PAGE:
PFAS News Roundup: Michigan works on transparency, 3M could cost the Minnesota public billions, study recruitment in Michigan

PFAS News Roundup: Michigan works on transparency, 3M could cost the Minnesota public billions, study recruitment in Michigan
October 12, 2021 Natasha Blakely

PFAS, short for per- and polyfluoroalkyl substances, are a group of widespread man-made chemicals that don’t break down in the environment or the human body and have been flagged as a major contaminant in sources of water across the country.

Keep up with PFAS-related developments in the Great Lakes area.

Click on the headline to read the full story:


The PFAS Action Act of 2021, a bipartisan bill introduced by Rep. Debbie Dingell, of Michigan, would set the pathway for PFAS chemicals to be designated hazardous substances, opening the door for future regulation of the chemical family in drinking water and clean up under Superfund legislation.

The bill passed the House by a vote of 241 to 183, with all of Indiana’s Republican representatives voting against the bill.

An Indiana University scientist will lead an ambitious effort to determine the effect toxic chemicals have on an indigenous community in Alaska — research that might shed light more broadly on how contamination harms health and degrades the environment.

Amina Salamova was riding in the car with her husband when she received the email stating that she and her colleagues had received a nearly $3 million grant to spend 5 years studying exposure to toxic contaminants on St. Lawrence Island in Alaska.


Two months after a citizens advisory panel told the Michigan PFAS Action Response Team to ramp up its public notice efforts when investigations begin for suspected per- and polyfluoroalkyl contamination sites, they heard how much of their counsel bureaucrats heeded. They agreed it’s not the whole shopping list, but a decent first meal.

“They’re not hitting on all cylinders yet,” said Charlie Schlinger of Traverse City, a member of MPART’s Citizen’s Advisory Workgroup. “It seems they’re implementing parts and contemplating parts.”

Michigan Department of Health and Human Sciences officials took samples from residential water wells near Otsego to test for potential PFAS chemicals as part of the ongoing investigation to find out how prevalent the contaminants are in the area.

In August, MDHHS sent notices to affected residents, letting them know that samples from the wells were going to be taken starting the week of Sept. 13. A department spokesperson said residents will be notified of the results when they are available after health officials conduct analysis on what the findings mean for public health.

The Michigan Department of Health and Human Services (DHHS) is enrolling children and adults from Kent and Kalamazoo counties in the latest effort, which is part of a nationwide study of health effects caused by PFAS exposure through drinking water in six other states.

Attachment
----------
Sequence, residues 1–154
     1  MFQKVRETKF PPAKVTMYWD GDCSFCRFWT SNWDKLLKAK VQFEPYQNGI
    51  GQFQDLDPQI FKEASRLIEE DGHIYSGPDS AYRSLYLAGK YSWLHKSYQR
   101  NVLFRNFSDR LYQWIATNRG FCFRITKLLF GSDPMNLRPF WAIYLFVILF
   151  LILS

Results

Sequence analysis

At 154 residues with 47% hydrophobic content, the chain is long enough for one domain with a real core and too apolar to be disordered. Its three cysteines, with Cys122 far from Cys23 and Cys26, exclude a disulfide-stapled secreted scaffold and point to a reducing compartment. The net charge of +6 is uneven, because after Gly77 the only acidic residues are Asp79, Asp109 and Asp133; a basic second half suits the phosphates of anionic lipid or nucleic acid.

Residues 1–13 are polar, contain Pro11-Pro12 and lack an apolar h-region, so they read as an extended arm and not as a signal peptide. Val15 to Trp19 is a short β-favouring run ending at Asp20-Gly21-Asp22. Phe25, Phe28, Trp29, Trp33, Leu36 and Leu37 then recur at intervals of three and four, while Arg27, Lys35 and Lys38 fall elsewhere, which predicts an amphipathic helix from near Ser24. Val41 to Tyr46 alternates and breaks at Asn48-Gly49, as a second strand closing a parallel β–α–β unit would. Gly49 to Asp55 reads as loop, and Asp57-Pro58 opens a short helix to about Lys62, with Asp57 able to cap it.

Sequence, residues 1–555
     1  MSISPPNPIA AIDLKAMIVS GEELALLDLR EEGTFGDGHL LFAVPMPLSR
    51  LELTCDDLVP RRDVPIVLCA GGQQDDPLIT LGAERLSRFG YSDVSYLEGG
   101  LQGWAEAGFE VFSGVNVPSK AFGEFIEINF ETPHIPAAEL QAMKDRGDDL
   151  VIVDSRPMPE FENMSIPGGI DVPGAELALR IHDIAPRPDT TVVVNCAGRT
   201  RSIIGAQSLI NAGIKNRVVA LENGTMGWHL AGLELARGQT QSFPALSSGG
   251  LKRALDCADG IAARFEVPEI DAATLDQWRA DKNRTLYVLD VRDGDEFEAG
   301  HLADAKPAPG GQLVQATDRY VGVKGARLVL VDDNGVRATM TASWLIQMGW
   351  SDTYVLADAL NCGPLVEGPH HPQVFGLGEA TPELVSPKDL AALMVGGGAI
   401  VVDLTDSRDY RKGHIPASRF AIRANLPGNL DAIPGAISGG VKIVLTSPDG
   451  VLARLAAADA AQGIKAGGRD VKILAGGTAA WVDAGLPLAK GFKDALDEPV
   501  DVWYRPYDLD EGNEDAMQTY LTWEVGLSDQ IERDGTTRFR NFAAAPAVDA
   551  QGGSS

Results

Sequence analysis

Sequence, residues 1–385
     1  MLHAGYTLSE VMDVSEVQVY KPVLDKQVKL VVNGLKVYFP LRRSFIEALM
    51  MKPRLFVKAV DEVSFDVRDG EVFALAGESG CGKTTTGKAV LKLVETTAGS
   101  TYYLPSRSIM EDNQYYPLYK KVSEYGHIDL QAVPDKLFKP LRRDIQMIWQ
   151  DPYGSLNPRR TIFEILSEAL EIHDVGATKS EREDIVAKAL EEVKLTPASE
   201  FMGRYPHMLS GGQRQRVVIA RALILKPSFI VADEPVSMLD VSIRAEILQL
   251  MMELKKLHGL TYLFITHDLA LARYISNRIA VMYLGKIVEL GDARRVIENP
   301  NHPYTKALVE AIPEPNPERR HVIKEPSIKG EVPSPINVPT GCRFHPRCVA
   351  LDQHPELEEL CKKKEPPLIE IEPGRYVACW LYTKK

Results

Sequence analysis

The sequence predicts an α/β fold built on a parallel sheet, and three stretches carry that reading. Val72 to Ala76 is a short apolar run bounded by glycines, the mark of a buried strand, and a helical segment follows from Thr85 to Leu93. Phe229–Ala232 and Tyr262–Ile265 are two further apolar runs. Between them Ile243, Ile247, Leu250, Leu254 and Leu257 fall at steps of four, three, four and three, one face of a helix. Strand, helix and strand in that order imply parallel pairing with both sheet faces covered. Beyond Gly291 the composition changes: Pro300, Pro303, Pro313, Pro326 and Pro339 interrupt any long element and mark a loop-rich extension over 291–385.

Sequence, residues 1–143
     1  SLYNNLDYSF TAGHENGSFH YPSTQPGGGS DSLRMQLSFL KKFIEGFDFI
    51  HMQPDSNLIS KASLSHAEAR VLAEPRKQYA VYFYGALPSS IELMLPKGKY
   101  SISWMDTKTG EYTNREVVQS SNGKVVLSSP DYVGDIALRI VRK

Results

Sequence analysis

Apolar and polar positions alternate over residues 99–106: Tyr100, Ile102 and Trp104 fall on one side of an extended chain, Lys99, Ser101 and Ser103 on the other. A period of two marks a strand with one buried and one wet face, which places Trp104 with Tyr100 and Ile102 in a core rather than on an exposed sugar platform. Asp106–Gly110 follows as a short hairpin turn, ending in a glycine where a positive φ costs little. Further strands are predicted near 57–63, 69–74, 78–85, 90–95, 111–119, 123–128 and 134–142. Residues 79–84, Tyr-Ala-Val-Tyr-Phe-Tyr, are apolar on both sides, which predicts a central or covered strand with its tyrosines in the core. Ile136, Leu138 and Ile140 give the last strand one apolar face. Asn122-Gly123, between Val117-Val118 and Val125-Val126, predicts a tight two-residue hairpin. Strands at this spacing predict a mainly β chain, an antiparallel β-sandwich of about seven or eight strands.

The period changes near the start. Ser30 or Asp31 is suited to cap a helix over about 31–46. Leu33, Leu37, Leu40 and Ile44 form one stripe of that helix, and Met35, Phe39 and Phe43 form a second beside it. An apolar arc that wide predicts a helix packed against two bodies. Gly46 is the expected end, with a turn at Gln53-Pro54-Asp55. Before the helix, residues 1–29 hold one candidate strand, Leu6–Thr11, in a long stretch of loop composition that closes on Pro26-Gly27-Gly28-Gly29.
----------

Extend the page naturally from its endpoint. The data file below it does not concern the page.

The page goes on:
The goal is to help doctors better understand the health problems to watch for in people who have been exposed to elevated levels of PFAS in their drinking water.


The failure of 3M and other manufacturers, such as DuPont, to publicly report and deal with potential PFAS problems when they first learned of them is saddling the companies with mounting legal costs because of lawsuits brought by several states and individuals. And it’s about to cost U.S. taxpayers billions of dollars.

3M told the Star Tribune that it has paid “more than $1.2 billion” to treat PFAS pollution. That is a fraction of the $10 billion in taxpayer funds the country’s new bipartisan infrastructure bill allocates for PFAS cleanup.

New York:

A plastics company accused of contaminating residents’ water in a New York town, has agreed to settle a class-action lawsuit for over $23 million, the Times Union reported.

The settlement, which was filed on Friday and is pending court approval, would resolve a lawsuit brought by eight plaintiffs that allege that Petersburgh-based Taconic Plastics polluted residents’ water with perfluorooctanoic acid (PFOA) from a nearby plant.


Montgomery County’s drinking water has low levels of a group of contaminants that have been linked to cancer and birth defects, as the water tested below the Ohio Environmental Protection Agency’s recommended health advisory level, officials announced.

However, those results may be misleading because Ohio’s health advisory for the toxins, dubbed “forever chemicals,” is one of the highest in the country, a local ground water expert said.

Dozens of gallons of fire-suppressant foam were accidentally released on Thursday following an electric-component malfunction at Wright-Patterson Air Force Base, officials said.

The malfunction, which occurred in aircraft hangar 4016 on Wright-Patterson’s Area A, caused the release about 100 gallons of foam, according to a press release.